The results so far indicate that buying high yielding stocks might be an attractive strategy. We can extend the analysis by using Fama-French data all the way back to 1926. Although we can indeed see that the factor has generated positive returns the last 20 years, we can also observe several decade-long periods of significant drawdowns. It’s worth highlighting that the performance excludes transaction costs, is before taxes, which have a more negative impact on high than low yielding stocks, and before inflation. Given that the total return (pre-transaction costs, pre-tax and pre-inflation) is approximately zero after 90 years, the Dividend Yield factor does not seem attractive.

Dividend Yield Factor (Long Short) US (90 Years)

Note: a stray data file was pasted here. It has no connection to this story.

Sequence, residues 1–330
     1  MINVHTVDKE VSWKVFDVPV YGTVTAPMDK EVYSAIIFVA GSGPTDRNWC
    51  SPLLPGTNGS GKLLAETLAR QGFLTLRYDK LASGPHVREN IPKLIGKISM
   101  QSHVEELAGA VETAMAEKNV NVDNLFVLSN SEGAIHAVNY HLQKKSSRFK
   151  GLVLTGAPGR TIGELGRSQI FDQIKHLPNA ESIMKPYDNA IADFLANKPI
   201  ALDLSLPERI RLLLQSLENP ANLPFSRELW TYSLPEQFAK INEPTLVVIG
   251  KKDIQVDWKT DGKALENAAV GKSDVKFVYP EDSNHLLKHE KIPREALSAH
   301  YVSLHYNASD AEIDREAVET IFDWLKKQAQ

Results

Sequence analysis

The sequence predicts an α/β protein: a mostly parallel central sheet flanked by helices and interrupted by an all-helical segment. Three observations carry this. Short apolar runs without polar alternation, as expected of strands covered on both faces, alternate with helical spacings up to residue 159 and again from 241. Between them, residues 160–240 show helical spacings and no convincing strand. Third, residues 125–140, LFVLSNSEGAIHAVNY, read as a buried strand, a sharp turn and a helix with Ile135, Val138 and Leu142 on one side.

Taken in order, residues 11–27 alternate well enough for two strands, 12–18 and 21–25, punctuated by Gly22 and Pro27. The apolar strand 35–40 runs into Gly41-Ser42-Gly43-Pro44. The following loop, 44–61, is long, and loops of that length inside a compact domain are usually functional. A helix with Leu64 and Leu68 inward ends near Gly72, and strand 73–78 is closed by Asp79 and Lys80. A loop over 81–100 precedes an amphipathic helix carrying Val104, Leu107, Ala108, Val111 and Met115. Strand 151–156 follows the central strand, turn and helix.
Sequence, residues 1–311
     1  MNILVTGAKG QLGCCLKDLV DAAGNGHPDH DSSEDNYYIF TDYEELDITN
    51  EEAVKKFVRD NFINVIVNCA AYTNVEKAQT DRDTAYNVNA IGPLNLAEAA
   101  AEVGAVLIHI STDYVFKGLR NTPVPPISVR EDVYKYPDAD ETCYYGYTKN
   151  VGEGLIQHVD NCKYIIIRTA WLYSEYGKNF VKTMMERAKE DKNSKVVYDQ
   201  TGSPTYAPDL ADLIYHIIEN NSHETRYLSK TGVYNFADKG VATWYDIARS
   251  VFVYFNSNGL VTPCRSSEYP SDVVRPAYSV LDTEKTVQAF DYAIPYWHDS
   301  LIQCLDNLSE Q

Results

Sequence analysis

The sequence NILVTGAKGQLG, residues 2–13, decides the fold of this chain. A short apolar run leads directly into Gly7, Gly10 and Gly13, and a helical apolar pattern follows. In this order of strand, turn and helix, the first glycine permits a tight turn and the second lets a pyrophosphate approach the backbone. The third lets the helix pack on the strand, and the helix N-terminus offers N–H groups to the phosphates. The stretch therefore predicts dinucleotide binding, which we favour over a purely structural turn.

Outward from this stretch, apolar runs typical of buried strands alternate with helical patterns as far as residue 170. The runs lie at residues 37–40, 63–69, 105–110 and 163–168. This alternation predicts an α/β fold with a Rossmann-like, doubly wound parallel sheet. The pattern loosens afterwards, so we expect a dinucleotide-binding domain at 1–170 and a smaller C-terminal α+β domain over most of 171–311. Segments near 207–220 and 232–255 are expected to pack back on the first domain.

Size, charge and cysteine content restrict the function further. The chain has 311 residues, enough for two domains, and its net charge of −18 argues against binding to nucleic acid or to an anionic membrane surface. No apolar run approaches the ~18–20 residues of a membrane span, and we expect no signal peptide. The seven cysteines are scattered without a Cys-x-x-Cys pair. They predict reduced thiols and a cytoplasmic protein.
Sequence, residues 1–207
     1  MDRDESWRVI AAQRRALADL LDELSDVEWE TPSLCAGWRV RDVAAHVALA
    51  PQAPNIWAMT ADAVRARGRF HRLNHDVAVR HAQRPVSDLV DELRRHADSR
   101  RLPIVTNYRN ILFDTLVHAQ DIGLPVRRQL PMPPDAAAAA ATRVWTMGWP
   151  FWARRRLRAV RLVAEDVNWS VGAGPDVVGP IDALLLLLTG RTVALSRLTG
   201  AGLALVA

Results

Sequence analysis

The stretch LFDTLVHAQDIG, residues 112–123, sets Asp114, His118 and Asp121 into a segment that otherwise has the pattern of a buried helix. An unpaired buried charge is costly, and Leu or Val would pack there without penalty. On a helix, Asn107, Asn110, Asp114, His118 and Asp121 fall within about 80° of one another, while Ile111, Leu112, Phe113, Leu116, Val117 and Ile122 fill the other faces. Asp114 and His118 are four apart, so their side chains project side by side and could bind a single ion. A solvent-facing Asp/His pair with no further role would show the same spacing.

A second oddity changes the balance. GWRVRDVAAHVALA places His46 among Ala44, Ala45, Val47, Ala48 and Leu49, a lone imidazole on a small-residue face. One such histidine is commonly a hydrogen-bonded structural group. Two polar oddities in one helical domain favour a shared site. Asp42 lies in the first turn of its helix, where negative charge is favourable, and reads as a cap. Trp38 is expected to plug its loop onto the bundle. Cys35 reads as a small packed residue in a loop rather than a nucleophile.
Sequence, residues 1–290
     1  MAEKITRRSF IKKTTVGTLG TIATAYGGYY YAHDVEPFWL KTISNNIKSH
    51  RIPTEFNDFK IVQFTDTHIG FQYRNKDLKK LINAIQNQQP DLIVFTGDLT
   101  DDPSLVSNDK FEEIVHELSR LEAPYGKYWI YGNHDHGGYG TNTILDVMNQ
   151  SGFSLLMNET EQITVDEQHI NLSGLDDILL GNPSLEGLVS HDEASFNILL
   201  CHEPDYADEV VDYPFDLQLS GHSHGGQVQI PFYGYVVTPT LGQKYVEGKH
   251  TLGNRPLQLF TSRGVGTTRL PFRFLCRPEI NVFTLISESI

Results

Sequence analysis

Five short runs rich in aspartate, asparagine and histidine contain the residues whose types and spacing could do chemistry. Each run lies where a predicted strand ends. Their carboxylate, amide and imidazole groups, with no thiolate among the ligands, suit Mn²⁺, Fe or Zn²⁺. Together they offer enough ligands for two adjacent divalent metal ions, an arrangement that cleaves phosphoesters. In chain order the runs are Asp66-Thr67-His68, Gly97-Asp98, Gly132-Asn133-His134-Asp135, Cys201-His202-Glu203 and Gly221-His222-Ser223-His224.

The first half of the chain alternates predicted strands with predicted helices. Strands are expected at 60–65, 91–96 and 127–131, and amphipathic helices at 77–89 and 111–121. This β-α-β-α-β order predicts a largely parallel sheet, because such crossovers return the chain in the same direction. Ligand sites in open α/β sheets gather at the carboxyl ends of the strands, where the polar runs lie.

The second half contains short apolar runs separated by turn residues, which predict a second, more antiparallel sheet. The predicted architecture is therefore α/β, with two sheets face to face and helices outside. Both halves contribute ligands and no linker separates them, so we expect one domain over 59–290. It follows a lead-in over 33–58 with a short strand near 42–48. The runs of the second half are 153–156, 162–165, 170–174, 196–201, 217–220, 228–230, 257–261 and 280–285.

Source: FactorResearch


This short research note highlights that although the Dividend Yield factor generated positive returns over last 20 years, the 90-year track record is highly unattractive. Investors might speculate that more countries become Japan-like given record levels of debt and poor demographics, which would likely force central banks to keep interest rates low and the search for yield high. However, interest rates are already low or negative and other factors exhibit much more consistent returns. It would be best for investors to resist the Siren call of high yielding stocks.



Nicolas Rabener is the CEO & Founder of Finominal, which empowers professional investors with data, technology, and research insights to improve their investment outcomes. Previously he created Jackdaw Capital, an award-winning quantitative hedge fund. Before that Nicolas worked at GIC and Citigroup in London and New York. Nicolas holds a Master of Finance from HHL Leipzig Graduate School of Management, is a CAIA charter holder, and enjoys endurance sports (Ironman & 100km Ultramarathon).